algorithms must be reconsidered in a database setting. In particular, proximity search benefits from
a new approach in a database setting. Traditionally, proximity search in IR systems is implemented
using the “ near” operator. If we search our document collection for “Harrison Ford” near “Carrie
Fisher”, we are looking for documents where those two names appear “ close” to each other, where
closeness is measured by textual proximity. In this sense, proximity search is a relatively simple,
“ intra-object” operation: we measure proximity along a single dimension (text) in each document.
Now, suppose that we have fully migrated our movie document collection to XML. Each movie
might begin with a MOVIE tag, followed by nested tags for that movie’s actors, producers, etc.
In this setting, we want to account for “ structural proximity” in the database, while textual proximity
may not be relevant. For example, if Harrison Ford and Carrie Fisher both star in the same movie,
then they will both be sub elements of a specific MOVIE element. In the textual representation,
however, there may be many other actors lexically in between these actors. Similarly, we may find
that the last actor listed for some movie X is textually close to the first actor listed for an adjacent
movie Y— but this doesn’t mean that the two actors are related in any way. Thus, we need to extend
the notion of proximity search to handle the structure inherent in a semi structured database.
As per that, algorithms and techniques for performing proximity search over
a graph-structured (semi structured) database are applicable to a traditional relational or object oriented
database as well. We can (logically) translate a relational database into a graph based
on the schema and on primary/foreign key relationships. We can then use our proximity search techniques to measure the distance between database elements based on the graph representation. Viewing an object-oriented database as a graph is of course even simpler. By combining proximity search with traditional indexing techniques for identifying tables or attribute values that contain given keywords, we can provide keyword-based search (and browsing) for traditional databases.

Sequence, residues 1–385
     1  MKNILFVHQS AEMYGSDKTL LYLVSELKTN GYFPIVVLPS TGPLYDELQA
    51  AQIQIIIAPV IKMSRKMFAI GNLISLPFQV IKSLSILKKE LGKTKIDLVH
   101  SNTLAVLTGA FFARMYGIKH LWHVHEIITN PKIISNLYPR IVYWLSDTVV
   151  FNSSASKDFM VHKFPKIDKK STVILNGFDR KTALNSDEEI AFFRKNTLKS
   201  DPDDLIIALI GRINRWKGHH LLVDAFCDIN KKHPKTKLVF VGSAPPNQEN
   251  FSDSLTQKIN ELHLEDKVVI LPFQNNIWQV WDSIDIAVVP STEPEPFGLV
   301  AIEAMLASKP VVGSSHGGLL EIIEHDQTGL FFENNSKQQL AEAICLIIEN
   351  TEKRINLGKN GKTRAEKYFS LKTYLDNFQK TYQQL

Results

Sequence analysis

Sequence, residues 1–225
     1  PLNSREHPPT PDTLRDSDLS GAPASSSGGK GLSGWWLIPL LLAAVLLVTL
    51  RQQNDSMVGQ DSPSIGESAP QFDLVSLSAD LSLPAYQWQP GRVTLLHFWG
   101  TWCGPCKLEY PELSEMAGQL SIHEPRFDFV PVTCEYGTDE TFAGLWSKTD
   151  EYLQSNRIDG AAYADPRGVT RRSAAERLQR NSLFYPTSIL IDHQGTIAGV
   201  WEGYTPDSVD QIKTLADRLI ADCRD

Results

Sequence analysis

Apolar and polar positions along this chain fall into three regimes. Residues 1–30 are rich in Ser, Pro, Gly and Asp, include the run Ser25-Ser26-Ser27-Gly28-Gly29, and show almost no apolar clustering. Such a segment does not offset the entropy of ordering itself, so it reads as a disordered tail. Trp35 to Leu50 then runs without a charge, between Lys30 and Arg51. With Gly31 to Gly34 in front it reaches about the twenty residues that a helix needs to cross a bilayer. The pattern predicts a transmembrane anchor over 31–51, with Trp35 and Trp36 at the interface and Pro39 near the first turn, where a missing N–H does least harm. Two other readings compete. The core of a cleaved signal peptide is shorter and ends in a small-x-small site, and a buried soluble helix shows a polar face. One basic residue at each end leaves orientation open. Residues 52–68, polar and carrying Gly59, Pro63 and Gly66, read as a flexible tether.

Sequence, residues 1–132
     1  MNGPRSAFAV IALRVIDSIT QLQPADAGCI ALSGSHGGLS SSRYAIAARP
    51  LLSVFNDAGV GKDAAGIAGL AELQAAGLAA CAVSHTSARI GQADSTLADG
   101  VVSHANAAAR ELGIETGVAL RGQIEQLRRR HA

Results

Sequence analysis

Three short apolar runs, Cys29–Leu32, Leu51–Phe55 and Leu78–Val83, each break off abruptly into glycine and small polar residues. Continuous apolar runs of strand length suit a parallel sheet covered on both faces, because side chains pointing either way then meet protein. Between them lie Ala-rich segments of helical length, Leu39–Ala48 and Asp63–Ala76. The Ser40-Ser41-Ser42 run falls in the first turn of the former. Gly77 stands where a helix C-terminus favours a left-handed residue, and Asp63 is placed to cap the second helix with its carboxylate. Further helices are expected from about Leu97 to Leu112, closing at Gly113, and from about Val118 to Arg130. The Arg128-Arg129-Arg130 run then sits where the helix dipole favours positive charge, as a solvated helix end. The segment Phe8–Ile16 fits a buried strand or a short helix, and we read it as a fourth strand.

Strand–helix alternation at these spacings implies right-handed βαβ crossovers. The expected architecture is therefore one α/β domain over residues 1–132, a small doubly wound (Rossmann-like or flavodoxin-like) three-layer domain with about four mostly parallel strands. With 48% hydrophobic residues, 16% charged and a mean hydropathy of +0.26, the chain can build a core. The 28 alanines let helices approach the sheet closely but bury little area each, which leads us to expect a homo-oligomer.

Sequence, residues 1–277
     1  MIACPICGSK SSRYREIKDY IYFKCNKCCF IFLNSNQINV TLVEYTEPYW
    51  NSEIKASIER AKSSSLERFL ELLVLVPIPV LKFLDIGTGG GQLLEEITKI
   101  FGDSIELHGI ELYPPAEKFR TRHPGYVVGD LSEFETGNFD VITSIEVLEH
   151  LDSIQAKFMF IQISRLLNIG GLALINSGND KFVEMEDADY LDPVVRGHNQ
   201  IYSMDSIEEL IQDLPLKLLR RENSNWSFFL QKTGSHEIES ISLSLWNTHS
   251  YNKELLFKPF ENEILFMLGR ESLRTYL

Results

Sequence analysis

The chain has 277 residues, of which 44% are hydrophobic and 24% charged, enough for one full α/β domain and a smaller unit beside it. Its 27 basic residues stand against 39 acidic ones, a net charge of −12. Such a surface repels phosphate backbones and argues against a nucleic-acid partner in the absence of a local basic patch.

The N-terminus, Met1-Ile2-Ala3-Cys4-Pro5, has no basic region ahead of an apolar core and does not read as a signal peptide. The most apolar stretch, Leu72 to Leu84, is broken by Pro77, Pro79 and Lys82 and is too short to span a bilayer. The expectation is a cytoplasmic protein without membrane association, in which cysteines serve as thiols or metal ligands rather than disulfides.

Masked sample design variables were included for the first time on NAMCS and NHAMCS public use data files for survey year 2000. These design variables reflected the complex multi-stage sample design of the surveys and were intended for use with software such as SUDAAN that required such data for variance estimation. Following that release, NAMCS and NHAMCS public use files for 1993-1999 were re-released with masked design variables added.
Research was conducted comparing variance estimation for NAMCS and NHAMCS public use file data using different techniques, including SUDAAN’s with-replacement option, SUDAAN’s without-replacement option, generalized variance functions, and SAS PROC SURVEYMEANS. Multi-stage design variables were used to develop two new variables, CSTRATM and CPSUM, which could be used with analysis software employing an ultimate cluster design for estimating variance.The variances produced with these methods were compared with standard errors obtained for in-house files (which contain non-masked design variables), using SUDAAN’s without-replacement (WOR) option. This option takes into account the multiple sampling stages of the surveys.
The use of the masked design variables with the three software applications yielded more accurate standard error estimates than those derived using the generalized variance functions. Standard errors obtained using both full design SUDAAN and the two ultimate cluster designs with masked survey design variables tended to slightly overstate in-house standard errors, on average. This tendency resulted in conservative tests of significance for the data analyzed in the study.
The results support the adoption of the new CSTRATM and CPSUM variables for variance estimation in general, as they were found to yield acceptable results and can be used with a wide variety of software.